Let’s call it like it is: the players that the Detroit Red Wings offered up in the expansion draft certainly weren’t a batch of all-stars. When the most recognizable name is Svechnikov – and it’s not even the one everybody knows – you knew this group wasn’t going to yield somebody that could truly move the needle for the Kraken in terms of jersey sales. And yet, despite all of this, general manager Ron Francis’s pick from Detroit was one of the most unknown commodities on their list: Dennis Cholowski.
As somebody who covers the Red Wings here at THW, I have had the privilege of watching Cholowski play since he turned pro ahead of the 2018-19 season. While he is not the sexiest name taken by the Kraken, he offers some serious upside that should not be overlooked. Allow me to shed some light on why this could prove to be a sneaky-good selection by Francis and the Kraken.
Former First Round Pick with Potential
The Red Wings selected Cholowski with the 20th pick of the 2016 draft. He split the following two seasons with St. Cloud State of the NCAA and the Western Hockey League (WHL) and during that time, he cemented himself as an offensive defenseman who likes to push the pace. Through 69 games in the WHL, he had 14 goals and 66 points.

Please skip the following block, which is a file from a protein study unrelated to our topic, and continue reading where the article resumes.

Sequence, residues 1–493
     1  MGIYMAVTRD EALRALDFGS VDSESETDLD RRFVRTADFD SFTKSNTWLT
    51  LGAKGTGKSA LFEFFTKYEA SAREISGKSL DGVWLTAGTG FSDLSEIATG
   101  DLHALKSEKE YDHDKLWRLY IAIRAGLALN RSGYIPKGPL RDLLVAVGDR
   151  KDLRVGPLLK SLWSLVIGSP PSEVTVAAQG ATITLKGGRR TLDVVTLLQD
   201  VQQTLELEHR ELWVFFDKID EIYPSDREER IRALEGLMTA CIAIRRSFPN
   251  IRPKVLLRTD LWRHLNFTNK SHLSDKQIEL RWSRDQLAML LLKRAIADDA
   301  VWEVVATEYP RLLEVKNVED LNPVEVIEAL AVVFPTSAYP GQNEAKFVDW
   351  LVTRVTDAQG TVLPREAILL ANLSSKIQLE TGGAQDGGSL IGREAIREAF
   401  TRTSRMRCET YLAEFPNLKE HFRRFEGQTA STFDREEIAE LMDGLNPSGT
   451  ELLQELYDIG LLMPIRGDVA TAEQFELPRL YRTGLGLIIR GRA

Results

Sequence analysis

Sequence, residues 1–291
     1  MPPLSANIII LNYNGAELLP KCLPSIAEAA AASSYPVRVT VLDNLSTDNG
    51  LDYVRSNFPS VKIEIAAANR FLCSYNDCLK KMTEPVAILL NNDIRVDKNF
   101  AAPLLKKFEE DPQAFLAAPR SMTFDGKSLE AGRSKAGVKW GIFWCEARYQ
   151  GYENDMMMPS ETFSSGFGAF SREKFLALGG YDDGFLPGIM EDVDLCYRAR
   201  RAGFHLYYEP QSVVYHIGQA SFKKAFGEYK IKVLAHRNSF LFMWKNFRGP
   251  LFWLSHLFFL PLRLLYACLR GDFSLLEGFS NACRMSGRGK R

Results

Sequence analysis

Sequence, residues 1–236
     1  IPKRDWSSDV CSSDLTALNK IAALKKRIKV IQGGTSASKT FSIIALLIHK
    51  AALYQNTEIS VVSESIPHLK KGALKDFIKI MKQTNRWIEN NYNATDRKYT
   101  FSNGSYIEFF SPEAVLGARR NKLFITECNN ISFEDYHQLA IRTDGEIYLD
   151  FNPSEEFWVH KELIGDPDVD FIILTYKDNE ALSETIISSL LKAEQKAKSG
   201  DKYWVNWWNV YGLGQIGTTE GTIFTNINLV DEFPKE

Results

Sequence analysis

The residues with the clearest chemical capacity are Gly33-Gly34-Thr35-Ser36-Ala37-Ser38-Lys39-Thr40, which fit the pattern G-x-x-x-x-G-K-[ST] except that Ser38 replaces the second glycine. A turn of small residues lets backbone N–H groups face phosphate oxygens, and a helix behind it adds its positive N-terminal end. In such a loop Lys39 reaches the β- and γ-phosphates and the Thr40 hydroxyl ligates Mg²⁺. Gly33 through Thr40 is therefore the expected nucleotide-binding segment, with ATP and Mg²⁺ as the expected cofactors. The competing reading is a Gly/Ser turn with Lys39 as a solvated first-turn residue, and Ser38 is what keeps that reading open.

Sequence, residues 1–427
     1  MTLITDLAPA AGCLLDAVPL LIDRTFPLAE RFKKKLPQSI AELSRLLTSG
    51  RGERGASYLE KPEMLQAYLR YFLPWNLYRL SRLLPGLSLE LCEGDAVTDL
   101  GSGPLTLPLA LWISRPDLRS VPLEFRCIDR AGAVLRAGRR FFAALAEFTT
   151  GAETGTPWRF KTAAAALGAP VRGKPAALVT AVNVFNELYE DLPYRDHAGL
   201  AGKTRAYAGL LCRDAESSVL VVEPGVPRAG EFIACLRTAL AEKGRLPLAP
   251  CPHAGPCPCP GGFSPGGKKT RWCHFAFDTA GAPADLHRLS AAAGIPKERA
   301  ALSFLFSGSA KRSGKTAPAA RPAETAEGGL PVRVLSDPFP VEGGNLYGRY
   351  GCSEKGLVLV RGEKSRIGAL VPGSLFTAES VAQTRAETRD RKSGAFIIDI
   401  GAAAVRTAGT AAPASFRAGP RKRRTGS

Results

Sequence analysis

The following season, Cholowski made the Red Wings’ roster out of training camp. I was lucky enough to attend the Red Wings’ season-opener that season, and I witnessed the young defenseman score his first goal/point in the NHL. While it was nice to see his parents’ excitement as they were shown on the jumbotron at Little Caesars Arena, what stood out to me was the way he played despite being a fresh-faced kid seeing his first action in the NHL.
Cholowski’s greatest attribute is his ability to distribute the puck. When he’s on his game, like he was that night in Detroit, he makes crisp stretch passes that lead to offensive possession. The confidence he shows when he moves the puck is a solid indicator of where he’s at on a given night. If he’s moving the puck quickly and effectively, he’s on his game; if you can see him weighing his options with the puck on his stick, he’s getting in his own way, and he’s likely going to make a mistake or two.
You could say any of these things about almost any offensive defenseman in the world of hockey. Confidence is key for players like this, and it’s painfully obvious when they don’t have it. That being said, there’s something to be said about the potential that is undeniably still there with Cholowski. Whether it’s at even-strength or on the power play, he can be the catalyst for everything that’s happening on the ice. He has shown that time and time again in the American Hockey League with the Grand Rapids Griffins, and he has shown flashes of it at the NHL level. If given the opportunity with the Kraken, a wise man would bet that he’ll flash that potential once again.